HealthDay News — A young Baltimore boy has two new transplanted hands to replace ones he lost to amputation five years ago, his doctors announced Tuesday.
The 8-year-old became the recipient of the world’s first double hand transplant performed on a child, following 10 hours of surgery by a 40-person team in early July at the Children’s Hospital of Philadelphia.
His hands and feet were amputated when he was 3 years old, following a severe infection that caused his kidneys to fail, said his mother. The kidney failure interrupted blood flow to his hands and feet, prompting the amputation.
The boy received a kidney transplant following his illness, and his body’s successful response to immunosuppressive therapy in the years following that surgery paved the way for him to receive his new hands, doctors said.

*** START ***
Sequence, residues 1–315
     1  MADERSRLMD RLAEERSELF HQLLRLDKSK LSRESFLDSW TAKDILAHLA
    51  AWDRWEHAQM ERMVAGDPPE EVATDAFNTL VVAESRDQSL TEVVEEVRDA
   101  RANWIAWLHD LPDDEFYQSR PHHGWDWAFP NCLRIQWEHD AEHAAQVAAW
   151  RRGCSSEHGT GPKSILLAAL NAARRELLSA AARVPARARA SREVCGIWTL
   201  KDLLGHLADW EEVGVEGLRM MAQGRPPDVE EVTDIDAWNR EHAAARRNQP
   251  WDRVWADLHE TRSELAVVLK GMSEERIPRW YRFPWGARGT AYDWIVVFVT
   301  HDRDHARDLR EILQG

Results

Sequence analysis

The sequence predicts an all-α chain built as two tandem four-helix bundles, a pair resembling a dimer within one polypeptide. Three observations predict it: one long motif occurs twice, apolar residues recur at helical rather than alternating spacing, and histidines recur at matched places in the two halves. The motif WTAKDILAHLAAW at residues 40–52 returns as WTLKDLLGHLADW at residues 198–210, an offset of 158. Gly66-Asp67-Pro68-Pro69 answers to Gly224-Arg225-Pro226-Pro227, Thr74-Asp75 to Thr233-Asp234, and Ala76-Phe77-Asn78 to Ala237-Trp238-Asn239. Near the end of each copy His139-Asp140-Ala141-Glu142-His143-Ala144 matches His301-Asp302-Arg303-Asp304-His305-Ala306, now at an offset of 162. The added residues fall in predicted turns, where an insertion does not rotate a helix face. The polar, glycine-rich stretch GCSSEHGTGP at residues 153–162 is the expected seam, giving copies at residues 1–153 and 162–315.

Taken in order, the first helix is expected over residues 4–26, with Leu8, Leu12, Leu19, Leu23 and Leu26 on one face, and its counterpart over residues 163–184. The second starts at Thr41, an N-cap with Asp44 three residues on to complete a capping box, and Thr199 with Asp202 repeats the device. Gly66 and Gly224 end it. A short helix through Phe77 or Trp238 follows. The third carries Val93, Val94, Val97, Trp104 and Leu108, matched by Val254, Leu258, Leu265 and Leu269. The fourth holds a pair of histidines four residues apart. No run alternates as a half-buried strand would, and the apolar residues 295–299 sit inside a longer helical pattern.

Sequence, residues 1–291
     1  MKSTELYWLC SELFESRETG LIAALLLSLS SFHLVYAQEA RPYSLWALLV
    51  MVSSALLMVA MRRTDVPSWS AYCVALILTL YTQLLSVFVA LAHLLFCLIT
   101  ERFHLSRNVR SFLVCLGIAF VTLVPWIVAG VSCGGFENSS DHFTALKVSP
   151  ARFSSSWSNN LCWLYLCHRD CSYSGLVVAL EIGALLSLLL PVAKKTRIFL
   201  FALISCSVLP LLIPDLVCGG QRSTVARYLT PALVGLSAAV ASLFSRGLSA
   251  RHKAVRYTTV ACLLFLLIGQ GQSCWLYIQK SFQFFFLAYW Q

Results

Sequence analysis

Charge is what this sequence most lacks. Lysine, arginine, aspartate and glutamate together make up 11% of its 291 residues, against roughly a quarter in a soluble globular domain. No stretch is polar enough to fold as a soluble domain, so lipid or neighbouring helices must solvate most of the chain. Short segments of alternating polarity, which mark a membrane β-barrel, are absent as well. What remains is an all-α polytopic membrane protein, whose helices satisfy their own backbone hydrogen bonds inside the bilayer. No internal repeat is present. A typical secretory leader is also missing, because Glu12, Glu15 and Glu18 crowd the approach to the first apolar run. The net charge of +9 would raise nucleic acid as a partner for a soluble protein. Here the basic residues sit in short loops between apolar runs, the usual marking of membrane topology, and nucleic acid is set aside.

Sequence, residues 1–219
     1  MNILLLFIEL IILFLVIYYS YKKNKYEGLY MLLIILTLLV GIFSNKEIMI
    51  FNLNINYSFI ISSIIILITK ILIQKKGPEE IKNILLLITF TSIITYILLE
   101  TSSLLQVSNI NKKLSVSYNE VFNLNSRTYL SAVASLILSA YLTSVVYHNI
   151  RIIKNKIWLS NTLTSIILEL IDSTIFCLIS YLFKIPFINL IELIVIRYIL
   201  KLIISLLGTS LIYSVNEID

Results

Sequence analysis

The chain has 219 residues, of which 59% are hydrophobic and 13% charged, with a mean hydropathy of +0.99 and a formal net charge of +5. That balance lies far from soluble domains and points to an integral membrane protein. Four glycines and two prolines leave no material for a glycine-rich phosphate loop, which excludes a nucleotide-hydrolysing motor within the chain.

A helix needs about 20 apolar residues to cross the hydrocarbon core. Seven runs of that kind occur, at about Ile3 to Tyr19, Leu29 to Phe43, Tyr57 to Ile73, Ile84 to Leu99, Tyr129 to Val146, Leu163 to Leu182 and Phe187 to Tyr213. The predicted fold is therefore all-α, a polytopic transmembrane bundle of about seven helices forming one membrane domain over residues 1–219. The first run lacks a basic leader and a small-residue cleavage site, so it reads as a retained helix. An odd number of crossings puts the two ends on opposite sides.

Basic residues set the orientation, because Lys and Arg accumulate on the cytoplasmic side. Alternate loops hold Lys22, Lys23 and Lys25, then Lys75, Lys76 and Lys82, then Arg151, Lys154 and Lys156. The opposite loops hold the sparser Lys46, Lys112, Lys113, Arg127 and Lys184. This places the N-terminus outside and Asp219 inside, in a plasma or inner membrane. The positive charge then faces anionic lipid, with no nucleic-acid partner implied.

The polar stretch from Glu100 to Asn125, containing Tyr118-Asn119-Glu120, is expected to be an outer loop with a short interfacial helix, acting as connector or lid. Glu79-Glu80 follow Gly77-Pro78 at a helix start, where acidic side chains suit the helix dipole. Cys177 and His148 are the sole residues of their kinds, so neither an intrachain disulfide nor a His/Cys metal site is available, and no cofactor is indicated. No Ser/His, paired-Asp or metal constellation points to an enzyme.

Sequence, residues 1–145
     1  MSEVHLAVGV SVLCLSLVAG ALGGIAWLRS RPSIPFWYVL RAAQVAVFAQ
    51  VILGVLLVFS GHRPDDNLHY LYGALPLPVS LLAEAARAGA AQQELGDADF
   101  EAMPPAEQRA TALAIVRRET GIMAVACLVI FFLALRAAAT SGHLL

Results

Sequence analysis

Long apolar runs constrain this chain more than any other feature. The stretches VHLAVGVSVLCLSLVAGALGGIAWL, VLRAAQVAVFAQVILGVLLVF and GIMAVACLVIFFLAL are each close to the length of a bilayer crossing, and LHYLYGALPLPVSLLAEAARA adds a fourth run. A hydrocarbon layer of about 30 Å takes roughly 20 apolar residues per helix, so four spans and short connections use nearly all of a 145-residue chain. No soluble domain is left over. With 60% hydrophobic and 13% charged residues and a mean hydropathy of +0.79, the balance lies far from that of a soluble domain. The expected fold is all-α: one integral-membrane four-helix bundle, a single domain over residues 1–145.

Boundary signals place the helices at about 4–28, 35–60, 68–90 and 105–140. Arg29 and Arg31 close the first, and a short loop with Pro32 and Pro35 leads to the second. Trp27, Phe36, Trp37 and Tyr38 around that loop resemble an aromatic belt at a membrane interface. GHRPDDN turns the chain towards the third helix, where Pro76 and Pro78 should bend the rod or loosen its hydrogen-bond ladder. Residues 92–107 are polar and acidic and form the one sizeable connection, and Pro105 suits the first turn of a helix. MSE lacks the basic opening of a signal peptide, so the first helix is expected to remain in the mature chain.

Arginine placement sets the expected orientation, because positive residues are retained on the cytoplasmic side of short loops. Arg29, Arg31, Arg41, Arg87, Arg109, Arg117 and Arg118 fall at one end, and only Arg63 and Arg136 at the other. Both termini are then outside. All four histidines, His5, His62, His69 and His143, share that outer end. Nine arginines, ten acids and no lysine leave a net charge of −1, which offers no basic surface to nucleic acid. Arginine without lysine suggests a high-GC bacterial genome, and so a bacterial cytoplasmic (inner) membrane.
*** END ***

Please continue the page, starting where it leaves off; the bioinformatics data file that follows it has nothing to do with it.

During the surgery, the hands and forearms from the donor were attached by connecting bone, blood vessels, nerves, muscles, tendons, and skin, hospital officials said.
The surgical team was divided into four groups operating simultaneously, two focused on the donor limbs and two focused on the recipient.
First, doctors connected the forearm bones using steel plates and screws. Next, they used microsurgery to connect the arteries and veins. Once blood flow was established through the reconnected vessels, surgeons sutured together each muscle and tendon, and reattached nerves.